Nigeria currently produces around 1.4 million barrels of oil per day (bpd), less than its OPEC quota of 1.8 million bpd because of large-scale oil thefts, vandalism and low production capacity. Photo courtesy of the Nigerian National Petroleum Company Ltd (NNPC) official website.
The Nigerian National Petroleum Company Ltd. was unveiled in the capital Abuja a year after Buhari signed the Petroleum Industry Act to overhaul the country's oil industry.
"We are transforming our petroleum industry to strengthen its capacity and market relevance for the present and future global energy priorities," Buhari said.
A "commercially-driven and independent national oil company that will operate without relying on government funding" will attract foreign investment to the petroleum industry, he declared.
NNPC Ltd. is registered as a limited company but is still state-owned. It bears the same name as its predecessor, which was set up in 1977 at the height of the first oil boom.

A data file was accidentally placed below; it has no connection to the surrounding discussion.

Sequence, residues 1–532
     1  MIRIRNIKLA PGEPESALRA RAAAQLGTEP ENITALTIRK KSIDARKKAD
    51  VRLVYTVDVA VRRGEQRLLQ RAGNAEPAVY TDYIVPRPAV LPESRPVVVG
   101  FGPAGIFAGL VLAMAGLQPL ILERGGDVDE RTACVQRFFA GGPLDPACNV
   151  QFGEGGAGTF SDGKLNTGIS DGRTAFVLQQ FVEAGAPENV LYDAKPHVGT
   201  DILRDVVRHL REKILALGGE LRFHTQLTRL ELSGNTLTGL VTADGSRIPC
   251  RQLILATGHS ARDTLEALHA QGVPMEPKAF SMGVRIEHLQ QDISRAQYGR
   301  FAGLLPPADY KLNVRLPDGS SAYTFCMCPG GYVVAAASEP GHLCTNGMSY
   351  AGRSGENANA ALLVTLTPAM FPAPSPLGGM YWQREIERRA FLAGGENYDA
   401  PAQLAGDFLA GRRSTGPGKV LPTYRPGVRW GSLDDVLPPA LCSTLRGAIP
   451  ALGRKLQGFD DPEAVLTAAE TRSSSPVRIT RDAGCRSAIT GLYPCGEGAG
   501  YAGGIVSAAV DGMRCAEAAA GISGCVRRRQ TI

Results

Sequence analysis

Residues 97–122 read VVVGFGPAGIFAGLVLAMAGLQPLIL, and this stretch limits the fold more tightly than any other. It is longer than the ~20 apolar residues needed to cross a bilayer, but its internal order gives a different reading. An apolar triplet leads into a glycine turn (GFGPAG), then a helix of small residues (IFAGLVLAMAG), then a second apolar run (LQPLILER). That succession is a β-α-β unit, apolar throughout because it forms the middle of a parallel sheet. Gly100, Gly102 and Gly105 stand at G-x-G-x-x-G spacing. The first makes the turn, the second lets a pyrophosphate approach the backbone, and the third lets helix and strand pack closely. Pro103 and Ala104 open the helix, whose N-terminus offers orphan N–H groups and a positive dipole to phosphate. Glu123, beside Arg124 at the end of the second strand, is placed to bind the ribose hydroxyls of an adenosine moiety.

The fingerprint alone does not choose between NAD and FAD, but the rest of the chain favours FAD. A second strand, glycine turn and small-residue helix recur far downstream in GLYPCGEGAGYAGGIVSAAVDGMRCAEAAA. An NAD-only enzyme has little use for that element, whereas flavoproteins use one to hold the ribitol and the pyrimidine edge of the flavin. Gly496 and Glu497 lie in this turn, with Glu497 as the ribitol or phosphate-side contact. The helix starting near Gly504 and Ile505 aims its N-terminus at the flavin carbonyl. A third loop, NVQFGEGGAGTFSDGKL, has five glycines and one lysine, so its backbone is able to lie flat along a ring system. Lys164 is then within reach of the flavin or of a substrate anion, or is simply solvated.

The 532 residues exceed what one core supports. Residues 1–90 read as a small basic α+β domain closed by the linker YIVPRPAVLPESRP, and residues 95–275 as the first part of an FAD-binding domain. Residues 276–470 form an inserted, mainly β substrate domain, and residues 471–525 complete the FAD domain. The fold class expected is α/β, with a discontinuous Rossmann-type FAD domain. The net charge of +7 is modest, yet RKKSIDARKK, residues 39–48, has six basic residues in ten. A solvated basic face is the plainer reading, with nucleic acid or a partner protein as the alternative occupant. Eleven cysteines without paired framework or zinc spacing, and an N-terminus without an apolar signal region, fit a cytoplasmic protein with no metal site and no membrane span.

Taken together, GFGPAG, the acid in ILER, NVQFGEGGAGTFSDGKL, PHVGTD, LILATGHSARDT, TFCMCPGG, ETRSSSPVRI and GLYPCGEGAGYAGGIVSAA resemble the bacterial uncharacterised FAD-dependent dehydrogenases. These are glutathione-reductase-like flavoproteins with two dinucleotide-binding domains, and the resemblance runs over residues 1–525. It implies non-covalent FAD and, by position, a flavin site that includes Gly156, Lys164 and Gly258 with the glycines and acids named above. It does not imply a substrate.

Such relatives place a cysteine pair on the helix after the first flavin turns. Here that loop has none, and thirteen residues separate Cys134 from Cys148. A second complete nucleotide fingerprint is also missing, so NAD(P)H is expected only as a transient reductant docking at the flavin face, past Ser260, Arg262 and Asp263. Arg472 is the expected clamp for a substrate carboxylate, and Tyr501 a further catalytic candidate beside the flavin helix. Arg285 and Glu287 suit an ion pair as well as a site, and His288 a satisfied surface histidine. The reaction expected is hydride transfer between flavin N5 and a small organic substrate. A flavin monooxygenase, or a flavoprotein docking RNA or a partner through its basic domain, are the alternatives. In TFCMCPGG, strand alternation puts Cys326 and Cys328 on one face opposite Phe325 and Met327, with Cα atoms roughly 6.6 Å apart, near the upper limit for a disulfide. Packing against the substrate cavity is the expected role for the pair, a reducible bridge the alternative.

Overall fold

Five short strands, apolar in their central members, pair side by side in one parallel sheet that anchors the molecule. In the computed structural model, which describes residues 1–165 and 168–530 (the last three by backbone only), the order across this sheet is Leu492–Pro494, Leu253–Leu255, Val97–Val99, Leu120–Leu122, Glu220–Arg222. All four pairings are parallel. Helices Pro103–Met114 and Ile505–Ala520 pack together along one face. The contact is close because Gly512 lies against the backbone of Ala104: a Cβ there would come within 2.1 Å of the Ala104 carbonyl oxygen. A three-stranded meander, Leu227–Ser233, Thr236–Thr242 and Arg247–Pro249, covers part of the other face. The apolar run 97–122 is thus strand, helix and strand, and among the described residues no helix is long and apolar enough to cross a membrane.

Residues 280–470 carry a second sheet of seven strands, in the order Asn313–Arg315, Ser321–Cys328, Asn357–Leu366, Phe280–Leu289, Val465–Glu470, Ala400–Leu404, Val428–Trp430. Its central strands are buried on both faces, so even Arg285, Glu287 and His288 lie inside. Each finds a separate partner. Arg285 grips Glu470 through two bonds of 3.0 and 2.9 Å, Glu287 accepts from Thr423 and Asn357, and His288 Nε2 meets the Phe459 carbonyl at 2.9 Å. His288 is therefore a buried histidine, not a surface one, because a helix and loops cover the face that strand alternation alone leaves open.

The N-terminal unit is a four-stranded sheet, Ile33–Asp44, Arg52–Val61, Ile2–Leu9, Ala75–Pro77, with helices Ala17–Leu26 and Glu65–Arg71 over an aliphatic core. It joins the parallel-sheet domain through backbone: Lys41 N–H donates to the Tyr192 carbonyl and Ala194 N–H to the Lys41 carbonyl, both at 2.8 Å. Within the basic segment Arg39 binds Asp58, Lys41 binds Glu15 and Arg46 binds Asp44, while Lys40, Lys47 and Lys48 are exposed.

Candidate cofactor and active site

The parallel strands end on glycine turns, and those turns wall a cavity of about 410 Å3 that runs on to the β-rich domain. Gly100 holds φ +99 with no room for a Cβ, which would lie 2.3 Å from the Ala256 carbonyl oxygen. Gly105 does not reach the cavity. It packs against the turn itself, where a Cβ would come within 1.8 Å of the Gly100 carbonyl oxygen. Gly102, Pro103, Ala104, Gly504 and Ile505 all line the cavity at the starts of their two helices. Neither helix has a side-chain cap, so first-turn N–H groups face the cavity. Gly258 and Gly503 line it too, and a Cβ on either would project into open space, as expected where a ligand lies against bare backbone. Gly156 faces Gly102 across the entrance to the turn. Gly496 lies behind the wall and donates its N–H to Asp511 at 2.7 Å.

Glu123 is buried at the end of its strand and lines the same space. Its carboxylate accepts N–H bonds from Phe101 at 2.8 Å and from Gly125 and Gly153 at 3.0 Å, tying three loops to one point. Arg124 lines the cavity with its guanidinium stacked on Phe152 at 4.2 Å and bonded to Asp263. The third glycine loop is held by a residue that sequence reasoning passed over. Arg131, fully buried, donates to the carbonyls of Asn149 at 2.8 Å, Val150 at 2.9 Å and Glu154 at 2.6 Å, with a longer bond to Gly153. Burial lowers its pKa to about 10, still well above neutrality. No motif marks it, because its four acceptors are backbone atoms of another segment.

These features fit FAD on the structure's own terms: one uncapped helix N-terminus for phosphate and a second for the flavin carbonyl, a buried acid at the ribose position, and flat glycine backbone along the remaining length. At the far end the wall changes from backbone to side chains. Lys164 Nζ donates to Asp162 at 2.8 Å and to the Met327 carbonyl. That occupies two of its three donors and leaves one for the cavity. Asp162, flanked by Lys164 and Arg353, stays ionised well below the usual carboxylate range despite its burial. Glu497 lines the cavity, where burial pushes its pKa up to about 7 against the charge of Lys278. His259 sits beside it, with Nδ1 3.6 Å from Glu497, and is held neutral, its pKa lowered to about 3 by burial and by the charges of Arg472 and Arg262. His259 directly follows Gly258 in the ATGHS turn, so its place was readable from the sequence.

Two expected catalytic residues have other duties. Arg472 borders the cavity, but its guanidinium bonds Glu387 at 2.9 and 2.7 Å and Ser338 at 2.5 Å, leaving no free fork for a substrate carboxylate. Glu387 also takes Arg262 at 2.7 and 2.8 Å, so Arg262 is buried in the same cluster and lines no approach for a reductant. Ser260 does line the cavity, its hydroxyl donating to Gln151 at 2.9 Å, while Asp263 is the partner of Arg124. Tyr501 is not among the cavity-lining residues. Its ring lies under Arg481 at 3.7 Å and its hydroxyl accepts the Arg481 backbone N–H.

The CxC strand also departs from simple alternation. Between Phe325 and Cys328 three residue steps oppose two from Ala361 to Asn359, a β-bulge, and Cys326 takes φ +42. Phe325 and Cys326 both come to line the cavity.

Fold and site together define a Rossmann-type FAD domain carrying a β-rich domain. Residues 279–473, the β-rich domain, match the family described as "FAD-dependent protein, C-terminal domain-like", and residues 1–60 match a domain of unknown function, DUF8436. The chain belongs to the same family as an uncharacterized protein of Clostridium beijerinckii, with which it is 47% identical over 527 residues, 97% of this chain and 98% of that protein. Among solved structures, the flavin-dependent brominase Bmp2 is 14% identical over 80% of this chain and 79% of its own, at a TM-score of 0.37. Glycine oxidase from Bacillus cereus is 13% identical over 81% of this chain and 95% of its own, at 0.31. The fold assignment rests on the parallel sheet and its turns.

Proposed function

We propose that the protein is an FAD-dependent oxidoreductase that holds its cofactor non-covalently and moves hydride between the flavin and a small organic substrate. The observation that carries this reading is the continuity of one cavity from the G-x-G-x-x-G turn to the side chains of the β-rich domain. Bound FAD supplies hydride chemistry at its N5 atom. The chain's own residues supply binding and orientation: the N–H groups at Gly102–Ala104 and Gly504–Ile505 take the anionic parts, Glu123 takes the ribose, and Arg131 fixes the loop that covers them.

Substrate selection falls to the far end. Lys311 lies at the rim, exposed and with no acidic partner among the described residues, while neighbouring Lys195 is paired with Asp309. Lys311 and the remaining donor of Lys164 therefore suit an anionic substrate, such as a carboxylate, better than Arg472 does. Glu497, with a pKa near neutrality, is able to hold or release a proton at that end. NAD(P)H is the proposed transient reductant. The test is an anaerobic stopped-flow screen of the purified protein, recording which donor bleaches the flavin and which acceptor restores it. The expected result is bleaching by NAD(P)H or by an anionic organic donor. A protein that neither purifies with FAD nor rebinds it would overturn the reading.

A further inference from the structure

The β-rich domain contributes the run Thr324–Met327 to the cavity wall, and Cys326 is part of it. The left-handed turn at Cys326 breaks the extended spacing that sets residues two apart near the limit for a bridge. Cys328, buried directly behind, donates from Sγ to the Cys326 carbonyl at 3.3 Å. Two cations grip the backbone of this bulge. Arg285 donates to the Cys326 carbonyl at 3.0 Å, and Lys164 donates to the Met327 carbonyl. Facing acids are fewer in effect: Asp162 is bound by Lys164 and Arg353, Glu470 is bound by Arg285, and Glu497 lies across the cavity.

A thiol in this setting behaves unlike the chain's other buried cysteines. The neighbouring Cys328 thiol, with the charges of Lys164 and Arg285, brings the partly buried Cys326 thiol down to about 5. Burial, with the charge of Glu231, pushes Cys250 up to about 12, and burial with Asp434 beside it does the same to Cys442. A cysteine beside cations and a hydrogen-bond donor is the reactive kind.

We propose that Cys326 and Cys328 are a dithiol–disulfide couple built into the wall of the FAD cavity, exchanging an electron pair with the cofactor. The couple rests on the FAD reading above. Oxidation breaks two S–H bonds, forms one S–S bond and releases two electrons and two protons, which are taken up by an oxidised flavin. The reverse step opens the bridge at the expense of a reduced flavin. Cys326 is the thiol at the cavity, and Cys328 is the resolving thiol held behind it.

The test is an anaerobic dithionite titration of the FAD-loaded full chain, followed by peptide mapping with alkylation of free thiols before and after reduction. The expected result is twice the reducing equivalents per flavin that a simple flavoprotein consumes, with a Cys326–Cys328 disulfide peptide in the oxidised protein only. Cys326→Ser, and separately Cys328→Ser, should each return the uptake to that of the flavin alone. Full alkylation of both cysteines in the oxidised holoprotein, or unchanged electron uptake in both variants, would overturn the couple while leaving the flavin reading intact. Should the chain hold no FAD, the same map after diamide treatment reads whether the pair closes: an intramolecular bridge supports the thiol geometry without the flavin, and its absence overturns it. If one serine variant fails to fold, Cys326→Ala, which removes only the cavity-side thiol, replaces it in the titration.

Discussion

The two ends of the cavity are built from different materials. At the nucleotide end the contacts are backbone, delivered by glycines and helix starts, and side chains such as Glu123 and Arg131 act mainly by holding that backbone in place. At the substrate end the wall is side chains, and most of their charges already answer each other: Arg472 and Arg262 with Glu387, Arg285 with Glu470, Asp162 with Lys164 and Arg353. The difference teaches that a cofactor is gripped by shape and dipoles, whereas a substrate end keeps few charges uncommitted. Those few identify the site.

The OPEC member nation has lured only a small fraction of global petroleum investments.
Its oil sector is struggling with an entrenched reputation for corruption, inefficiency, high production costs and security concerns.
According to Minister of State for Petroleum Resources Timipre Sylva, Nigeria would have been able to lure around 50 billion dollars in new foreign investments if it had passed the oil law earlier.
Nigeria currently produces around 1.4 million barrels of oil per day (bpd), less than its OPEC quota of 1.8 million bpd because of large-scale oil thefts, vandalism and low production capacity.
Despite this, income from energy sales accounts for almost all foreign exchange earnings and about half of government revenue.
The government is worried about the pressure of time as the world's long-term appetite for fossil fuels diminishes because of climate change.